Therese Oneill’s book is an awesome examination of the horror show that was the 19th century. Let’s check out the revolting details, shall we?

Hello, slattern

I figured any book that starts with these words is probably going to be amazing. And I was right! Unmentionable is a sassy, snarky look at an era many people tend to romanticize.

Oneill starts you off with getting dressed (hide those ankles, ladies), and shares makeup tips (you know what’ll take care of those freckles? Acid!). Then it’s on to discussing periods (no matter how you manage them, it’s not the right way) and how to land a husband (by never speaking to him, apparently).

Next up we’ve got the typical “Your womb is a wandering monstrosity that makes you crazy” garbage, followed by quotes from old white dudes who thought birth control, masturbation, and visiting museums was going to lead to humanity’s downfall.

And it’s all written in the best tone ever. For example, in a section called, “Give Him NOTHING”:

You are a prize to be won. He must work to capture your affections and approval. Only the stupid and slutty trout leap out of the water to gain the fisherman’s attention. The virtuous trout simply allows the sun to gleam briefly on her shining scales and then dives back to the shadowy depths. Only a skilled man with the finest of fake bugs can ream a metal hook through her mouth. You are that trout, and the metal hook you are about to be impaled on is holy matrimony.

Unmentionable had me chortling and reading sections aloud to my husband. He didn’t think it was as funny. Maybe I let a bum fisherman catch me? Oh well. I shall comfort myself by reading this book again and thanking my lucky stars I wasn’t born in the Victorian era!

Review: Crocodile on the Sandbank

Crocodile on the Sandbank, Elizabeth PetersMiss Amelia Peabody, bluestocking and self-proclaimed “spinster,” has left England to pursue her passion for Egyptology. It’s 1884 — on the cusp of the 20th century — and she’s determined to spend her inheritance doing what she enjoys.

En route to Cairo, Amelia meets Miss Evelyn Barton-Forbes, a young woman with a shameful secret. Amelia takes the girl under her wing, and together they embark on the adventure of a lifetime.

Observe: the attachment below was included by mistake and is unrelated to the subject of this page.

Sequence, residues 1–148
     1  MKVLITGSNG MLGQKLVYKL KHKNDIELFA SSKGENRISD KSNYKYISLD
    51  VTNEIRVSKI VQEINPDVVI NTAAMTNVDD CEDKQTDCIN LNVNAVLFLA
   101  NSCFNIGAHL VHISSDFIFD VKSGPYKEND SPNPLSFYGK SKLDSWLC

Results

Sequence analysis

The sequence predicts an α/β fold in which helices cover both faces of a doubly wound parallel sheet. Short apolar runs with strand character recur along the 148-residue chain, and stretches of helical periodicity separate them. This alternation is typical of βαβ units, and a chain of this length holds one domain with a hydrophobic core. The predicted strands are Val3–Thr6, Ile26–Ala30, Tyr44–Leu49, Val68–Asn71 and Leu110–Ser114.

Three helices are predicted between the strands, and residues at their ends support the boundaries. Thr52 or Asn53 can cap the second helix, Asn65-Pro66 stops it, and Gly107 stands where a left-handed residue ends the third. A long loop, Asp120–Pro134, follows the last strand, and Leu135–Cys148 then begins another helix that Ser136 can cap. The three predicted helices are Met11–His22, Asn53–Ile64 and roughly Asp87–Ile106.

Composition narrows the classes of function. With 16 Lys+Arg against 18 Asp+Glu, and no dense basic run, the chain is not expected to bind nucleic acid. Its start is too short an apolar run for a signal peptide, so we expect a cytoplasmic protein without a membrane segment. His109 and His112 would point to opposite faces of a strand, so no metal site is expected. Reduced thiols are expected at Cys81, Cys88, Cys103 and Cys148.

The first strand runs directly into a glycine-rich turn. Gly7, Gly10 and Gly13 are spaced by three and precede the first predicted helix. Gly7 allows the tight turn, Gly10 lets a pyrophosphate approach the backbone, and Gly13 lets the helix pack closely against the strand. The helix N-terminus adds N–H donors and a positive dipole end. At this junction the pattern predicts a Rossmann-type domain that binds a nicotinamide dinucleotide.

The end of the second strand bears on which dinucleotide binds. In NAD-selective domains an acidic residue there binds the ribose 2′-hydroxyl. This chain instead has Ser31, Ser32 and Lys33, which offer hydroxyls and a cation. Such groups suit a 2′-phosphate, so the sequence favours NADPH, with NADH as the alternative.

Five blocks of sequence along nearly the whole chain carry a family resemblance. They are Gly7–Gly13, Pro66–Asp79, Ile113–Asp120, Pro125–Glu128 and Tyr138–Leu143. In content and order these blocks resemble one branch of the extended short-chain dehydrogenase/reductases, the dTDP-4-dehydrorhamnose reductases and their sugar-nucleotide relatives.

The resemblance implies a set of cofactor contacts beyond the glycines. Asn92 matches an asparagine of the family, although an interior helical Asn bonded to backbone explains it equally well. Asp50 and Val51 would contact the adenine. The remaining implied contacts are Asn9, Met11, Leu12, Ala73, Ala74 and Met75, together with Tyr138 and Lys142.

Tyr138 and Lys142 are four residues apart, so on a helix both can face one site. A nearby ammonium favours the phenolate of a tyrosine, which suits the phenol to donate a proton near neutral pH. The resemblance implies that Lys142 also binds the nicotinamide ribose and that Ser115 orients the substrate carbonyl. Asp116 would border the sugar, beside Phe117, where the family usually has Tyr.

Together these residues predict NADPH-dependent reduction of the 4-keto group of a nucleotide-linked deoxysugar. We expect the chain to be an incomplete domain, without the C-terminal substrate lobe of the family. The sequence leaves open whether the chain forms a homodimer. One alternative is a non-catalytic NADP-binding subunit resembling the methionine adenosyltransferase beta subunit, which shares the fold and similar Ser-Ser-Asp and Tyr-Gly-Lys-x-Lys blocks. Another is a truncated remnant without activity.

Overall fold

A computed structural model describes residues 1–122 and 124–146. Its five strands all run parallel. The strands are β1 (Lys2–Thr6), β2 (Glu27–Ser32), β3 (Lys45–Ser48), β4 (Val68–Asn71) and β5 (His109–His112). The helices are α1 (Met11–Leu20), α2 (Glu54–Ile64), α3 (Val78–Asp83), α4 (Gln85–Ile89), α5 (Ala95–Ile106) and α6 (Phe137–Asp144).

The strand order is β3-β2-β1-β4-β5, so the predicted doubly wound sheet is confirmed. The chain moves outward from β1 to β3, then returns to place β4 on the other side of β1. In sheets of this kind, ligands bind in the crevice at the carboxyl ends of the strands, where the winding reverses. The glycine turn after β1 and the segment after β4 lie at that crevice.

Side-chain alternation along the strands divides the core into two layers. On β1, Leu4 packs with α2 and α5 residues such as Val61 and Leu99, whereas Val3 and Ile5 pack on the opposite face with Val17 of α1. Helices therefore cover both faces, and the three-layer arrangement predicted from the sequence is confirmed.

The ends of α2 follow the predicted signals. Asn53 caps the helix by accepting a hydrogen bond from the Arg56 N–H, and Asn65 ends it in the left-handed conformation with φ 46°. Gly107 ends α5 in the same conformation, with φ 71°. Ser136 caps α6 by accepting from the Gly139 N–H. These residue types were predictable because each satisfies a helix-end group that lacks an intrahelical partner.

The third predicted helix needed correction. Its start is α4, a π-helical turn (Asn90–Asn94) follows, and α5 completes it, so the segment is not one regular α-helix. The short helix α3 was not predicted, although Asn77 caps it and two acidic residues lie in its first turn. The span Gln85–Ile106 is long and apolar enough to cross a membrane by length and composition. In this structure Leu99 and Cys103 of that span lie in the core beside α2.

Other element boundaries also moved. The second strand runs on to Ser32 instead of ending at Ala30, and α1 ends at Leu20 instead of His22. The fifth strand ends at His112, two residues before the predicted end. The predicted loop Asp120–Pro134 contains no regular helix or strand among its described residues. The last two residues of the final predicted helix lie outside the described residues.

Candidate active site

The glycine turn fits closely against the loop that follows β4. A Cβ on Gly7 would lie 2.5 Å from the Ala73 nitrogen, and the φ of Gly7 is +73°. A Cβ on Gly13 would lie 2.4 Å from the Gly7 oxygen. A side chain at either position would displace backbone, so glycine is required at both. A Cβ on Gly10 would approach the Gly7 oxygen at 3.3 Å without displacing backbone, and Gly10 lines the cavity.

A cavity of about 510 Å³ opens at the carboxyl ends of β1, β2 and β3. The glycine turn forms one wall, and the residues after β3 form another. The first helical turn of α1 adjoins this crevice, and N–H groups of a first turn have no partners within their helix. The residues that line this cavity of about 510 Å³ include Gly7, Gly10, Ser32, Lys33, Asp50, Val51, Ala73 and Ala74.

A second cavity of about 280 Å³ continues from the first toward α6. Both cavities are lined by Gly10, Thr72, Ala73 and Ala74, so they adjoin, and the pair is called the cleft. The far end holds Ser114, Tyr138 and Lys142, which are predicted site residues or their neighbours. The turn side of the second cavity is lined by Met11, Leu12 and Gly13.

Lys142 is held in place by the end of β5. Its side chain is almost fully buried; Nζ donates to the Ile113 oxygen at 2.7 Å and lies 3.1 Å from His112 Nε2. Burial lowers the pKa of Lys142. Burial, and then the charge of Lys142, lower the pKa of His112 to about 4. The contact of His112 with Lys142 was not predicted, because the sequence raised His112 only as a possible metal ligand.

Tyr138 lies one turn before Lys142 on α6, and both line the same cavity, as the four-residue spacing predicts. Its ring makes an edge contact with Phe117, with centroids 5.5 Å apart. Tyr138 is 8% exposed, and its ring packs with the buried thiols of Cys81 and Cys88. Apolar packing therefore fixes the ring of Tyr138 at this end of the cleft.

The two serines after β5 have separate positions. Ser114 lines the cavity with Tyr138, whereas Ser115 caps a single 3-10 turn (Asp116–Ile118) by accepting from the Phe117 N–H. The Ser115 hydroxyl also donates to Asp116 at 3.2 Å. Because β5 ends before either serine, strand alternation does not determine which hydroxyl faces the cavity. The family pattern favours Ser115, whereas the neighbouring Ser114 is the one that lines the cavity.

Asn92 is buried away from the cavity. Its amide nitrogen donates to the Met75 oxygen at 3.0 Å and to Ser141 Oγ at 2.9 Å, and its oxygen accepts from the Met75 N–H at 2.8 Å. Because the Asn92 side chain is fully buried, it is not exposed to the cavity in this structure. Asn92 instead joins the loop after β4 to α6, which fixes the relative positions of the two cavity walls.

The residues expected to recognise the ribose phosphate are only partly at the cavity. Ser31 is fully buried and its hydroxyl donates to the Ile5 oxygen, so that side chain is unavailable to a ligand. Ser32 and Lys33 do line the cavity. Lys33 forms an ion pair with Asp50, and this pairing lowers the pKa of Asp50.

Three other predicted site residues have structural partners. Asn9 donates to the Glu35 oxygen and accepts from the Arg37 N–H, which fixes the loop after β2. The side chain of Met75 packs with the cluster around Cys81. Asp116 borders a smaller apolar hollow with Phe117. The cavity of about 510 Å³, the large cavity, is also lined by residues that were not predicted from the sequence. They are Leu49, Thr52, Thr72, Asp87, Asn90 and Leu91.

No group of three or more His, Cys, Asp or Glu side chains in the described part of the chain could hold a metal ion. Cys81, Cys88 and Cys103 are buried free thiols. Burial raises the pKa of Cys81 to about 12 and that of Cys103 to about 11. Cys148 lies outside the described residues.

This adventure takes them to Amarna, the ancient city established by Akhenaten more than 500 years previously. They meet up with two gentlemen they met in Cairo: Radcliffe Emerson, a prickly excavator, and his brother Walter, a master of hieroglyphics.

Something strange is happening on the outskirts of the destroyed city. The locals are nervous, especially after a mummy goes missing. Amelia, Evelyn, Radcliffe, and Walter are under siege, and their enemy may be supernatural.

Cheeky and wonderful

Crocodile on the Sandbank is the first in author Elizabeth Peters’ Amelia Peabody series, and it is fantastic. Set in 1884 but published in 1975, it’s a marvelous mixture of Victorian language and modern thinking.

Amelia is my new favorite character. She’s smart, practical, and outspoken, with a soft sentimental underbelly she tries to hide. If you enjoy Beatrice and Benedick’s relationship in Shakespeare’s Much Ado About Nothing, you’ll love Peters’ book.

Evelyn and Walter are younger and stupider (in Amelia’s opinion as well as mine), and it’s fun seeing Amelia boss them around and mow down their ridiculous notions like so much grass.

Although I caught onto the mystery’s final solution before it was revealed, the journey to that solution was surprising and exciting. The story and characters are fun, funny, and charming.

I loved Crocodile on the Sandbank. And the best part? There’s 19 more books in the series!

(I read this book for the Monthly Motif Challenge. February’s challenge was to read a book involving spies, detectives, private investigators, or a character in disguise.)

Quickie Reviews: Personal Stories

My 2017 reading started off slow, but I’ve kicked things into high gear in the last few weeks. So of course I have a review backlog. Let’s hit the high (and low) points, shall we?

Work Rules!

Work Rules! Laszlo BockThe subtitle on this is a mouthful: Insights from Inside Google That Will Transform How You Live and Lead. It’s got some good ideas on transforming company culture, but most of it seems pretty “pie in the sky” and a little bit “We’re Google and we’re awesome.” I’ve had some good conversations about it with co-workers, though.

The Princess Diarist

The Princess Diarist, Carrie FisherCarrie Fisher’s last book before her death in December 2016. She was a fascinating, complicated woman, and I want to learn more about her. Unfortunately I don’t think this was the right book for that. The Princess Diarist is a bit disjointed, and focuses mostly on her fling with Harrison Ford during Star Wars filming. It just not as interesting as I hoped it would be. But she’s got a great writing voice, and fortunately wrote several other books that promise to tell more about her life.

The Portable Dorothy Parker

The Portable Dorothy ParkerThis one’s been sitting on my shelf for years, and is part of my 2017 Off the Shelf Reading Challenge. I’ve gone all the way through it, but probably read only about half. I love Parker’s poetry and letters, but have trouble with her short stories (anybody’s short stories, really — I don’t often like them). She was always better at short form writing than long form. And those quips! “It is true that he is so hard-boiled you could roll him on the White House lawn.”